Flight attendant blames ‘bad parenting’ for ‘out of control’ kids

Flight attendant Caroline Kneitz revealed the top things parents flying with children should never do after American baseball player Anthony Bass recently shared his frustration over a flight attendant who made his wife clean up the children’s mess on a flight. The professional player explained on his Twitter account that his wife, who is pregnant and was travelling alone with the kids, was made to clean the mess that her children had left on the seat. “Are you kidding me???” he wrote.

Caroline, who works as a flight attendant for Emirates, clarified that it is the cleaners’ responsibility to clean up the plane after a flight.

However, passengers should be respectful and control their children. She said: “In my personal opinion, it’s important to treat public spaces as if they are rooms of your home. So yes, I do believe a parent should take care that the kid doesn’t mess up the space. Like imagine you’re on a 13-hour flight, would you want to sit on a dirty seat for that long?”

The flight attendant explained that it is not the cabin crew’s responsibility to clean the plane but parents should also not be forced to do so. Instead, cleaners come on board after every flight and clean the whole aeroplane, she revealed.

This is with some exceptions, as low-cost airlines sometimes ask flight attendants to collect the rubbish in the seat pockets after a flight in order to save money and speed up the boarding process.

Caroline asked passengers to always avoid chips or crumbly foods, especially when travelling with children. “It’s best if parents pack some home made food which is easy to eat and something the child is familiar with. Chopped fruit and vegetables are great, as they generally leave little mess and they are refreshing to nibble on in the air,” she recommended.

However, she warned against giving children sugar. “I have seen many kids on flights that are completely out of control. Unfortunately, I put this down to bad parenting. I’ve seen parents filling up their kids with soft drinks and only sugar.

“I had one mother who requested a coffee for her four-year-old with three sugars in. As crew we are trained not to educate our customers, so even in this case I couldn’t do anything. Shortly after serving the beverage, the child was wild.”

She also advised parents to think about their children’s sleeping patterns as although a flight might be cheaper at a “weird time of day” if children are tired and grumpy and misbehaved, “is it really worth it?” she told DailMail.com.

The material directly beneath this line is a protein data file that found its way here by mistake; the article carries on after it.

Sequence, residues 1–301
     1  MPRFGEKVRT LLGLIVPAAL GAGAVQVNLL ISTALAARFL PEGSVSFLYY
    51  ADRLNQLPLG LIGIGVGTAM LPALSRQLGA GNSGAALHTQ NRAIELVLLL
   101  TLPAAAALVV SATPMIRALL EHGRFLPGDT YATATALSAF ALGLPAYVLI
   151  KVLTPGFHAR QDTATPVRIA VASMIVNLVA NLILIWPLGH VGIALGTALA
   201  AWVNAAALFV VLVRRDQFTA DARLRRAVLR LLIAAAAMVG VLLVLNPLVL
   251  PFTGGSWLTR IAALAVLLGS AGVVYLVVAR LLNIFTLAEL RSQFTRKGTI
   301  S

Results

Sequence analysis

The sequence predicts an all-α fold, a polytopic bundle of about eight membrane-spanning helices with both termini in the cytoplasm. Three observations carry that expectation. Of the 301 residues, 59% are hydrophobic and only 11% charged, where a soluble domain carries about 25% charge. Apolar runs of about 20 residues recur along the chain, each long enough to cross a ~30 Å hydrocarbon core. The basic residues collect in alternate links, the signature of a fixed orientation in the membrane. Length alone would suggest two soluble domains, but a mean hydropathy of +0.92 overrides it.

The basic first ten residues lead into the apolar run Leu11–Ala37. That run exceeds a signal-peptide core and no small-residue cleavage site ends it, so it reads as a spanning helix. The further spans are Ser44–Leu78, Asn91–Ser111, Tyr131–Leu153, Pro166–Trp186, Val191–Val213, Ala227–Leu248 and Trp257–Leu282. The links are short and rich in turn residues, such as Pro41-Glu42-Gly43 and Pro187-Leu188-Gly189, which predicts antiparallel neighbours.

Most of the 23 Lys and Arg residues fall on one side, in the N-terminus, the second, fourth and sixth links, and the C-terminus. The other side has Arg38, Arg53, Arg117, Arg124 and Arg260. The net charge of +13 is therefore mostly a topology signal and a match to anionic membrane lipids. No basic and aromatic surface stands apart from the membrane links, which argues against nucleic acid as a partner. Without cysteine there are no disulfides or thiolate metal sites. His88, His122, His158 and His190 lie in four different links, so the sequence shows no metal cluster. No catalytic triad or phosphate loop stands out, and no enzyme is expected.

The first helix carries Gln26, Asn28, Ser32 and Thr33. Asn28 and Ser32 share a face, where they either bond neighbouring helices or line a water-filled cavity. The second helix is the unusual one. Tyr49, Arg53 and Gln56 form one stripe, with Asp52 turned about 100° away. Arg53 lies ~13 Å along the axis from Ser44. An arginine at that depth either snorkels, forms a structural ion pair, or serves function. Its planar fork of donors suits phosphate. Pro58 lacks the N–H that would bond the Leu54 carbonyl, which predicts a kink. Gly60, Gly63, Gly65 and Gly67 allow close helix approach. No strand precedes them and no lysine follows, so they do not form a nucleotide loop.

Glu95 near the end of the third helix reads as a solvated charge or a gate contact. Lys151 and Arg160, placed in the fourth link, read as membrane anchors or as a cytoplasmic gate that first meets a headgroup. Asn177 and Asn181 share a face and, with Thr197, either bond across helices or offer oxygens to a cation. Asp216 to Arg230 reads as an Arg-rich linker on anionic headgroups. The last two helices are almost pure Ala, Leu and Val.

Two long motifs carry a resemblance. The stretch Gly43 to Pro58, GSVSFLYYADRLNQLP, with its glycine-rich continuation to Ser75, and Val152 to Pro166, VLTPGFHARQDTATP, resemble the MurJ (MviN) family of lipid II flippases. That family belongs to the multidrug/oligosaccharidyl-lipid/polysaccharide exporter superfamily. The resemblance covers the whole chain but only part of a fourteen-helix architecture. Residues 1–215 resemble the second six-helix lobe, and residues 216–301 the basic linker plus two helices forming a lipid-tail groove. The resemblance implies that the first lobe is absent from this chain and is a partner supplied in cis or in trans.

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The flight attendant suggested taking the kid for a walk around the plane but don’t let them run around as this “often irritates other passengers”.

Instead, parents can take their children on “guided exploration trips up and down the aisles, as long as you stay in your cabin and class, nothing is generally off-limits”.

In terms of parents travelling on their own with the children, the flight attendant revealed that they can ask for help and the crew can be “temporary babysitters” when the parents need to go to the toilet, for example.

If the baby cries nonstop on the flight, it is advised parents carry them and rock them to sleep to avoid disturbing other passengers, she said.

Her final tip was to always “disembark the plane last” as parents often have a lot of items to collect and carry and they often “end up holding other people up”.

American flight attendant Patrick added that parents show always “show some appreciation” for dealing with toddlers.

He explained: “Any kind of chocolate found in an airport, handed over at boarding, does wonders.

“It will be so appreciated,” he says. “And we will remember you and look out for you. And not only that, you’ll probably score a free drink out of it.”

Travel experts at Parents.com shared some tips for flying with young children including:

  • Book an early morning departure
  • Talk to your kids about what to expect
  • Dress in layers, and skip shoes with laces
  • Bring surprises
  • Consider using a smaller stroller
  • Pack just enough and plan your packing list
  • Seat kids away from the aisle
  • Be ready for security
  • Be aware of germs

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